That’s all folks

Marissa Mikolak

The 39th annual Folk Festival closes weekend with Donovan

Legendary folk artist Donovan played at the 39th Annual Kent Folk Fest Saturday evening in the Ballroom of the

Student Center.

Credit: Jason Hall

“Step, ball, change, chug!”

Clogging instructor Laura Lewis called out this step as people young and old learned traditional clogging Saturday.

The 39th Kent State Folk Festival brought another successful year to an end with educational workshops and a concert featuring the legendary and poetic singer/songwriter Donovan.

The festival ended with Donovan’s performance, which used stories and epic songs to transform audiences back to the beatnik days of the ’60s and ’70s.

“Donovan has been called the ‘Dylan of Scotland,'” said Bob Burford, public relations director of WKSU, which sponsored the event.

The Scottish performer, who attended art school and dreamed of one day becoming a poet, gained popularity in the hippie counter-culture days of the mid-’60s.

Donovan performed his folktale-like songs, which were influenced by artists such as Woody Guthrie, with the help of his green acoustic guitar named “Kelly.”

Among the songs performed were hits “Mellow Yellow” and “Sunshine Superman.”

He also told stories of his friendship and travels with The Beatles as the nearly 1,500-person crowd cheered.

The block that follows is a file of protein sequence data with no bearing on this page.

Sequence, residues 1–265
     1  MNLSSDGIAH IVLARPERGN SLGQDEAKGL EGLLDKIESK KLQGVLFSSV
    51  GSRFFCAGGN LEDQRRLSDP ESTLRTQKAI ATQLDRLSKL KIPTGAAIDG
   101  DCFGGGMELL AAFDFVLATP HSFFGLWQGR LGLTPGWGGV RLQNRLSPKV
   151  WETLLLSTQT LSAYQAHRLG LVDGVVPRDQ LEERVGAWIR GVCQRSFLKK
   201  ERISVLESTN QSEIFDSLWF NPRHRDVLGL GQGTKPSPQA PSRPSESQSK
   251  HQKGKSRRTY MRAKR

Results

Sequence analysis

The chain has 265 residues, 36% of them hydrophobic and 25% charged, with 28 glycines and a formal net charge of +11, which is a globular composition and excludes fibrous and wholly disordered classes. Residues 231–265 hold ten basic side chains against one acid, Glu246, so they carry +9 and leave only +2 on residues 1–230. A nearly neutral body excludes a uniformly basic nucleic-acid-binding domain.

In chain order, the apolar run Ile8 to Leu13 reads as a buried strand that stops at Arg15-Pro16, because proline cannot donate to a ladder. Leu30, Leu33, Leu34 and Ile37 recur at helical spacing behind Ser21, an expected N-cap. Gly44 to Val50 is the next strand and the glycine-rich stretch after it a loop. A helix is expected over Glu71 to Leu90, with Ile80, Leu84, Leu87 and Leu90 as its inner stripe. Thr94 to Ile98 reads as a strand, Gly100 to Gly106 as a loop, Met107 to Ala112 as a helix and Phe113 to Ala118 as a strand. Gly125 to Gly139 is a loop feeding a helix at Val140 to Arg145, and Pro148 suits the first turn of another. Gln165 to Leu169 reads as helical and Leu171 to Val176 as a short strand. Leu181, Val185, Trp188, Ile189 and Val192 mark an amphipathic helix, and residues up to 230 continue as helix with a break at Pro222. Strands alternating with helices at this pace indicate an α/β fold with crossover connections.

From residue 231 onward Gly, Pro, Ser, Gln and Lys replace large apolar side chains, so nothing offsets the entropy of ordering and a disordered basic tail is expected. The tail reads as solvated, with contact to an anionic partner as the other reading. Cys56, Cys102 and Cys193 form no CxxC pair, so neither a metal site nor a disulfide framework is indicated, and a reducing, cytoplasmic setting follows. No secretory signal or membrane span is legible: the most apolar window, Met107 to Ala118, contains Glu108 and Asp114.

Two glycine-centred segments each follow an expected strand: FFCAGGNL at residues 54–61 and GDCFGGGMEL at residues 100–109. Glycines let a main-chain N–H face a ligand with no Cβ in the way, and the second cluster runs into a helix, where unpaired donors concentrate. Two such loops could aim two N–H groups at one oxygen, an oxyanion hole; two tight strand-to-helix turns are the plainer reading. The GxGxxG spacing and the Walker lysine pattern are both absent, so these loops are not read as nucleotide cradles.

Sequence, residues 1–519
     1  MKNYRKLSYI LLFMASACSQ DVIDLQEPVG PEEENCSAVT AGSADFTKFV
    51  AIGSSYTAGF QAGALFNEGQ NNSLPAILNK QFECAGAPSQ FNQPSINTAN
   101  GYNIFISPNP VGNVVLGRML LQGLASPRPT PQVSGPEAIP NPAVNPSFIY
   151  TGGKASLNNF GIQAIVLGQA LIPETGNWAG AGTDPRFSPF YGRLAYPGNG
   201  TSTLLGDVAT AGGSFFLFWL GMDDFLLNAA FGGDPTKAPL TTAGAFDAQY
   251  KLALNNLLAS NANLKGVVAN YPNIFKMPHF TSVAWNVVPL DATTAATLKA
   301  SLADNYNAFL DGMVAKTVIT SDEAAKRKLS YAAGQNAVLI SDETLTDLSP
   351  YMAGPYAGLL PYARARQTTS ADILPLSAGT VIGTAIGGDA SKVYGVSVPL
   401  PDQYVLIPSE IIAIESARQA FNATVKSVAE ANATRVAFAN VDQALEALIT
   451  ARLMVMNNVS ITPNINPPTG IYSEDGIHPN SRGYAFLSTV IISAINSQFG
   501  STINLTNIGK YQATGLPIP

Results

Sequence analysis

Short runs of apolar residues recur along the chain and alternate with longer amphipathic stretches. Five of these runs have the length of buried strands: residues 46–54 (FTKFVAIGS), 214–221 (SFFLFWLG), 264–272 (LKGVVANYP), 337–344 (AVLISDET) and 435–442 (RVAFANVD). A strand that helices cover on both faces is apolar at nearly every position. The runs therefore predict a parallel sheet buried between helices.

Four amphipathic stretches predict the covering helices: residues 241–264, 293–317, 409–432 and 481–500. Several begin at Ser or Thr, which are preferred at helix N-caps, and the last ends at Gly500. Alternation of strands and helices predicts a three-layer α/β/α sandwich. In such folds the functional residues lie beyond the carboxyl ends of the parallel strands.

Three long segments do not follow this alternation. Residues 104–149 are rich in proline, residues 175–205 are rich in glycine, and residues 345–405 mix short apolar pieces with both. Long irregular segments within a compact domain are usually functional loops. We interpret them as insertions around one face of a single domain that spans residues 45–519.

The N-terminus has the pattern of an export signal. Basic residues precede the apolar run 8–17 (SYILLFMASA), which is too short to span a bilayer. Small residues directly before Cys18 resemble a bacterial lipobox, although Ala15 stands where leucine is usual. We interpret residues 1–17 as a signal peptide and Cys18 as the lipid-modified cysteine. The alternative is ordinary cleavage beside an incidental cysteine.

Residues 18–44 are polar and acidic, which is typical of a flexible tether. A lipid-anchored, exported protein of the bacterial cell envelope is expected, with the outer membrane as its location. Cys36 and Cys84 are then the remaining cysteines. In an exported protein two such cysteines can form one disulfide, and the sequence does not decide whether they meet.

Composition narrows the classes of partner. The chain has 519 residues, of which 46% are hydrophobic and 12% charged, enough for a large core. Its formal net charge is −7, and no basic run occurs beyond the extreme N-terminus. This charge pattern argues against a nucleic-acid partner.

The preceding afternoon was educational and inspiring as different aspects of folk music were taught and performed.

The workshops filled the halls and rooms of the third floor of the Student Center with people enjoying the sounds of clogging, fiddles, banjos and more.

“Folk music is huge for me,” said Lewis, who led the banjo workshop. “If I didn’t have it, I would have a huge void.”

Men and women filled the rooms for educational workshops, which took place from noon to 5 p.m.

The topics of the 50-minute sessions included guitar, women in blues, accordion styles and songs of the Balkans.

Leaders of the workshops were well known, respected and experienced in their fields. A true love of folk music and its practices was evident in the packed conference rooms.

“The cool thing about Appalachian clogging is that you don’t have to have a partner,” Lewis said. “Anybody can do it.”

Lewis encouraged audience members to try each clogging move.

Down the hall, a Celtic workshop took place, producing music comparable to “Riverdance” or “Lord of the Dance.” One woman jumped up from the seat she had made on the floor after all the chairs were filled and began an energetic jig.

Phil Cartwright, husband of President Carol Cartwright, performed with other musicians during a banjo workshop.

“The folk festival allows amateur and professional musicians to come together,” Cartwright said. “People jam who have may have never played together before.”

Musicians could be heard jamming throughout the halls as crowds of people moved from workshop to workshop.

“I’m encouraged to see so many young people into music,” Cartwright said. “Performance is so important to humanity – It is the essence of humanness.”

Contact off-campus entertainment reporter Marissa Mikolak at [email protected].